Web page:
Fontenot affirmatively pled the defense of limitations and by doing so is permitted to introduce evidence relevant to establishing her statutory defense. See Tex.R. Civ. P. 94; Butler v. Ross, 836 S.W.2d 833, 835 (Tex.App.-Houston [1st Dist.] 1992, no writ). As established in the record, Fontenot was served with citation approximately ten months after the two year limitations period expired. If a defendant affirmatively pleads the defense of limitations and shows that the plaintiff failed to timely serve the defendant, the burden shifts to the plaintiff to explain the delay. Murray, 800 S.W.2d at 830.
Unexplained delays constitute lack of due diligence as a matter of law. See Witt, 10 S.W.3d at 438. On the other hand, when a plaintiff offers a valid explanation for the delay, the reasonableness of any delay in procuring service of citation is question of fact. See Zimmerman v. Massoni, 32 S.W.3d 254, 256 (Tex.App.-Austin 2000, pet. denied) (citing Witt, 10 S.W.3d at 437-38). As such, the plaintiff bears the burden at trial to explain the reasonableness of the delay in serving citation on the defendant. See Zimmerman, 32 S.W.3d at 256; see also Murray, 800 S.W.2d at 830.
Harm is not an element of a defendant's limitations defense. Although the absence of harm in some cases may be part of the explanation offered by the plaintiff in an effort to excuse the plaintiff's delay in serving the defendant, courts have noted that the excuse is inadequate. See Reynolds, 601 S.W.2d at 789. Specifically, the court held that “[o]ne of the purposes of a statute of limitation is to impose an arbitrary period of time for action, after which harm is presumed.” Id. We agree with this conclusion. Biscamp properly bore the burden of proof at trial to explain the reasonableness of his delay in serving Fontenot. The jury rejected his excuse by failing to answer the reasonable diligence question in his favor. Biscamp's assertion that Fontenot bore a burden of proving harm as a result of Biscamp's delay is overruled.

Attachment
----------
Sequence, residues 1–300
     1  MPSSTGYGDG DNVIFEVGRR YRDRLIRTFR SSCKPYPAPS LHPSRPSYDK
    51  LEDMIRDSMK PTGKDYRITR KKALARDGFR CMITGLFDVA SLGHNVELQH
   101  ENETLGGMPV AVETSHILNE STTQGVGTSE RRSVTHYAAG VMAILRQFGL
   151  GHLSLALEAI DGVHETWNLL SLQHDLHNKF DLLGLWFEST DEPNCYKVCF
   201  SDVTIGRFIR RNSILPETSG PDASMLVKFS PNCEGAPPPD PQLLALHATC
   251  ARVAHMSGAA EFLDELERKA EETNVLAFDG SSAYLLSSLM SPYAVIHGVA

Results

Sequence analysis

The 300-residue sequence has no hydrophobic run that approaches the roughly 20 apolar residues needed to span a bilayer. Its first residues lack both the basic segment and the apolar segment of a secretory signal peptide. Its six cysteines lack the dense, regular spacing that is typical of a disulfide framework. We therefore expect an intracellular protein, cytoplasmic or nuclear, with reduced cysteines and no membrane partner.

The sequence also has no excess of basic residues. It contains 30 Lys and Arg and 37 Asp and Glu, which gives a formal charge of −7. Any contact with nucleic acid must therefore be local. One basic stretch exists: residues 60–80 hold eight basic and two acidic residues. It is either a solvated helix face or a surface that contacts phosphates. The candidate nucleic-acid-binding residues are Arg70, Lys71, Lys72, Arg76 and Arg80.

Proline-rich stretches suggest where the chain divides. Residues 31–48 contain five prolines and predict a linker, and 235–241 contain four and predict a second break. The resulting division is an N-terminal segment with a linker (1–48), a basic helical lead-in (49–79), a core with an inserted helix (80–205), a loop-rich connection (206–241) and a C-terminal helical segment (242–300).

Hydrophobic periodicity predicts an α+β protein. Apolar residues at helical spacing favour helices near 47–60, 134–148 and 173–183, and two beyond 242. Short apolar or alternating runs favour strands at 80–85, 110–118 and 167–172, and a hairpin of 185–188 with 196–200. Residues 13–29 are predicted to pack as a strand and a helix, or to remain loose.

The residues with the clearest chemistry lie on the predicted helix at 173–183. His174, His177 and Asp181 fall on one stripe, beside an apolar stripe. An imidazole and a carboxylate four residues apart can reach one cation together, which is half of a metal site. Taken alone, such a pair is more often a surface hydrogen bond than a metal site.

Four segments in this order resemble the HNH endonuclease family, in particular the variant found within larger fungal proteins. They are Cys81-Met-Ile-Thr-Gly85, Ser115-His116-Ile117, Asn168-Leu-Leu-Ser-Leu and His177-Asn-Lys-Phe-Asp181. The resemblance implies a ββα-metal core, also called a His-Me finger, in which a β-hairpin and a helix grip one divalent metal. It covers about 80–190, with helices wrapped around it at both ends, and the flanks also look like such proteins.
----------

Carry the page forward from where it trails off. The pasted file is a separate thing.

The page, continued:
Biscamp additionally asserts that the misnomer doctrine operates to toll the statute of limitations and excuses his failure to serve Fontenot before the limitations period expired. We disagree. A misnomer occurs when the plaintiff misnames the correct defendant, but the correct defendant has been served. See Enserch Corp. v. Parker, 794 S.W.2d 2, 4-5 (Tex.1990). In the case of a misnomer, limitations are tolled and an amended petition correcting the mistake relates back to the date of the original petition, “primarily because the party intended to be sued has been served and put on notice that it is the intended defendant.” Diamond v. Eighth Ave. 92, L.C., 105 S.W.3d 691, 695 (Tex.App.-Fort Worth 2003, no pet.); see also Enserch Corp., 794 S.W.2d at 4-5. Although Fontenot was misnamed in Biscamp's original petition, the misnomer doctrine does not apply because Fontenot was not served within the limitations period. Because Fontenot was not timely served, the misnomer doctrine does not apply. We overrule Biscamp's issue and affirm the judgment of the trial court.
1. Biscamp relies on an unpublished opinion from this Court, Harmon v. M & E Food Mart, Inc., 1996 WL 492622 (Tex.App.-Beaumont Aug.29, 1996, writ denied) (not designated for publication). Unpublished opinions have no precedential value and thus, are not binding on this or any other reviewing court. Tex.R.App. P. 47.7. Additionally, Biscamp improperly cites to the Harmon opinion by failing to identify it as an unpublished opinion as required by Rule 47.7 of the Texas Rules of Appellate Procedure.
HOLLIS HORTON, Justice.